Here we go as predicted: the Lebanese central bank attempts to prevent a "panic mode" scramble on the part of the public to remove all deposits, and the recently imposed (unofficial) regulations geared toward staving off capital flight are predictably failing fast, per Reuters:
“Clients with guns have entered banks and security guards have been afraid to speak to them as when people are in a state like this you don’t know how people will act.”
Lebanon's private banks reopened a week ago on Friday following a two-week closure due to massive anti-government protests which created gridlock across the country's main cities, including closure of other public institutions such as schools.
The Nov. 1 bank re-openings followed Prime Minister Saad Hariri's resignation last week, which the some one million demonstrators flooding Lebanon's streets since early last month have touted as a 'success'; however, the economy remains on the brink of collapse, given growing fears of a major run on the banks.
Since reopening banks have blocked most transfers abroad and maintained tight controls over hard-currency withdrawals, policies which have led to reports of threats against bank staff. Some of these heated encounters are being filmed and posted to the internet. Likely the situation is about to become explosive into next week after the banks close for the weekend.
"This is our money!... We can't get our money - you have money in the banks and you're not giving it to the people! You're stealing from us!" (our translation) the man in the below video shouts inside his bank.
Situation in Lebanese Banks is extremely dangerous, shortage to lack of US dollars for depositors. https://t.co/MrCicTg4yF— Bassem (@BBassem7) November 8, 2019
Chaotic scenes played out from the moment the banks reopened, as Lebanon's Daily Sabah described:
Large queues starting forming outside banks from early morning and people rushed in as soon as doors opened to cash in their salaries and make transfers.
Tellers struggled to handle the flood of customers trying to cram inside bank branches, as queues spilt onto the streets.
And now with the situation getting increasingly dangerous, the crisis could be compounded given bank staff are pondering a strike amid the broader protests still underway, and which have been raging for over the past month:
Bank staff are considering going on strike, he said.
“Clients are becoming very aggressive; the situation is very critical and our colleagues cannot continue under the current circumstances,” added Hajj, whose union has around 11,000 members, just under half of the total banking staff.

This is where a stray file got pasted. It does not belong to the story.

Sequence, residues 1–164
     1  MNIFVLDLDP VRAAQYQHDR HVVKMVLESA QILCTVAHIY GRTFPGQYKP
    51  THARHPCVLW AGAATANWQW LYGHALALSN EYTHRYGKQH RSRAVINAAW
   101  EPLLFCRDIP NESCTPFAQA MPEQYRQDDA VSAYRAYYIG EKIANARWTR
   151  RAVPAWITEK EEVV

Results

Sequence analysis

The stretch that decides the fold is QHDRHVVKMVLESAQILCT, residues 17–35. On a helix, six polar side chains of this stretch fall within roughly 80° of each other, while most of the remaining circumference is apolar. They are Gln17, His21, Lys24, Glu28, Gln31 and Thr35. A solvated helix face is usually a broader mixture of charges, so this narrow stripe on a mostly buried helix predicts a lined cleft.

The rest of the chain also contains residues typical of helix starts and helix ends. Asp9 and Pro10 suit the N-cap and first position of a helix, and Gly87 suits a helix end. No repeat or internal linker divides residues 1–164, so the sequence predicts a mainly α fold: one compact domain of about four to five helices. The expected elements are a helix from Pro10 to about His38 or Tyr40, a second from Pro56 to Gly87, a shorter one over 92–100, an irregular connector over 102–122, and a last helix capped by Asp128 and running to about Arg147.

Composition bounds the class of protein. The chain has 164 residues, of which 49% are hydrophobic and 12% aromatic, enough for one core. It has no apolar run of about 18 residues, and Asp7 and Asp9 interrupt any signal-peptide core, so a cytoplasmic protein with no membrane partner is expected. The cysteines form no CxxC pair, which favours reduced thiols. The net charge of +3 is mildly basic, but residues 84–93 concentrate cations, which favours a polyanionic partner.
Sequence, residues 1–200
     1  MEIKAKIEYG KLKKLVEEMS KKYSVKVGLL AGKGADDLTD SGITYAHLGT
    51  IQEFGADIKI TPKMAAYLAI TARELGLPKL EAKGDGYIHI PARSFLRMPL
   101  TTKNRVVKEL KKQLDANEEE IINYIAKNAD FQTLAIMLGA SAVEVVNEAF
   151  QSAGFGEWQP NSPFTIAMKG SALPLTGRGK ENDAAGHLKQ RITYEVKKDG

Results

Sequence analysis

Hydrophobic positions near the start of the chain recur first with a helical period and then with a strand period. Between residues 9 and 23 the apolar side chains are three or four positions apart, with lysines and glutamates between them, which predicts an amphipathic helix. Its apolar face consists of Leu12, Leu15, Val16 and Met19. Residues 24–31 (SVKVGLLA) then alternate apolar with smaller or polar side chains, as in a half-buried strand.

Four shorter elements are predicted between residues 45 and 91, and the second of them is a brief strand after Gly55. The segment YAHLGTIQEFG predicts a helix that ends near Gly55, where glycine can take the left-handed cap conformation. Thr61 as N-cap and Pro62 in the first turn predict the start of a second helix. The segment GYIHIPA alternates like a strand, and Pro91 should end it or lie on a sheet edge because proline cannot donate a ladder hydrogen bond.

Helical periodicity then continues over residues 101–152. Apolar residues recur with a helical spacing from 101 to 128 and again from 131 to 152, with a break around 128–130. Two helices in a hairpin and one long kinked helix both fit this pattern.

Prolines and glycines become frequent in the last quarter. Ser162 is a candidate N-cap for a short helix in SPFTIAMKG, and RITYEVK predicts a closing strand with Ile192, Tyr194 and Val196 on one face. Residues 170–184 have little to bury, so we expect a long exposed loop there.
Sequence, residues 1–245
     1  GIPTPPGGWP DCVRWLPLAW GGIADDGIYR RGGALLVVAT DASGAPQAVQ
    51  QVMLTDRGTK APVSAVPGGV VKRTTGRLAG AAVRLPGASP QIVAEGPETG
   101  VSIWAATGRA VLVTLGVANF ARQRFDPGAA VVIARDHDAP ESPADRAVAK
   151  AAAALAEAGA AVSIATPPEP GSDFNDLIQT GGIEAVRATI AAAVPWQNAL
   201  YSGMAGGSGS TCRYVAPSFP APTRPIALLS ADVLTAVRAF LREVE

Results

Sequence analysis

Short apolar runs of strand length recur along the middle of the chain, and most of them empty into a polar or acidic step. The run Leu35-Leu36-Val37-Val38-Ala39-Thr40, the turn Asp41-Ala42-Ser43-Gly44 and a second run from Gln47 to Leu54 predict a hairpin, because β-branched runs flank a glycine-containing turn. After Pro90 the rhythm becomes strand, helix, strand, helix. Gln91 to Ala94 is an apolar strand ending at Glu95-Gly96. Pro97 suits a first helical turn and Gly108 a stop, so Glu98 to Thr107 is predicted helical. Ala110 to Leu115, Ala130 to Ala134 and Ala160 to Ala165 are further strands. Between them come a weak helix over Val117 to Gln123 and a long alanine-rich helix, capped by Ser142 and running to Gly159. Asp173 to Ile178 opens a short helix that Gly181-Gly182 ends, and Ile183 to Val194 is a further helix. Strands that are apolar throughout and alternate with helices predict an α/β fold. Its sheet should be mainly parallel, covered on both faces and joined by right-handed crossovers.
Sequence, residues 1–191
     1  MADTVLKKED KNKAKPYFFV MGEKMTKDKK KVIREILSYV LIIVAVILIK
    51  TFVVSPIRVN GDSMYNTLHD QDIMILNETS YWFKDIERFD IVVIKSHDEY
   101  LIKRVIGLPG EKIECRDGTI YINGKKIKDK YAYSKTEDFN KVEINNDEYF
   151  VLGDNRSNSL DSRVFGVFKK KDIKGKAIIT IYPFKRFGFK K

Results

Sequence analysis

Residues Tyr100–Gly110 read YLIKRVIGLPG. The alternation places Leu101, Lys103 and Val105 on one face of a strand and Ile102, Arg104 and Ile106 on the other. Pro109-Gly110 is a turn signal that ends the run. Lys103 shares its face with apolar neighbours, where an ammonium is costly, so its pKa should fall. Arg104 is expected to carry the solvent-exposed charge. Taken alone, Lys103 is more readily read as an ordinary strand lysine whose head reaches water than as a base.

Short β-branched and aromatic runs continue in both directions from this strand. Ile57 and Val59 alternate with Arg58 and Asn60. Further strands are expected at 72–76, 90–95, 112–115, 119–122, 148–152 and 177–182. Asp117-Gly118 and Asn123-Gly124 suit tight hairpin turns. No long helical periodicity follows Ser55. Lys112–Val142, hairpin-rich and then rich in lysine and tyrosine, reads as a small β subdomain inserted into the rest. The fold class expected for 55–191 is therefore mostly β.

“Anything that touches the liquidity of the bank is being restricted,” one Lebanese banker told Reuters.
Fights and riots have been reported both inside and outside commercial banks. Tellers and managers have reported being assaulted as exasperated customers demand their money:
The World Bank weighed in on Friday, urging leaders in Beirut to form new Cabinet within a week, citing risks to Lebanon's stability as "deeply concerning," according to the AP.
Given the country's high unemployment and extreme lack of confidence in the Lebanese Lira, citizens are understandably enraged at not accessing their dollars, and are apparently now taking matters into their own hands:
Some banks have lowered the cap on maximum withdrawals from dollar accounts this week, according to customers and bank employees. At least one bank cut credit card limits from $10,000 to $1,000 this week, customers said.
...One bank told a customer that a weekly withdrawal cap of $2,500 had been slashed to $1,500.
The massive anti-government protests, focused in large part on rooting out endemic corruption, comes after Lebanon has in recent years suffered a severe slowdown in capital flows, and difficulty of importers securing dollars at the pegged exchange rate, as well as periodic collapse of public services - due to frequent strikes, work stoppages, and lack of public funding.
The tiny Middle East country currently has a crippling debt of $86 billion - roughly 150% of the gross domestic product - and some 80% of that debt is believed owed either to the central bank or to Lebanese commercial banks.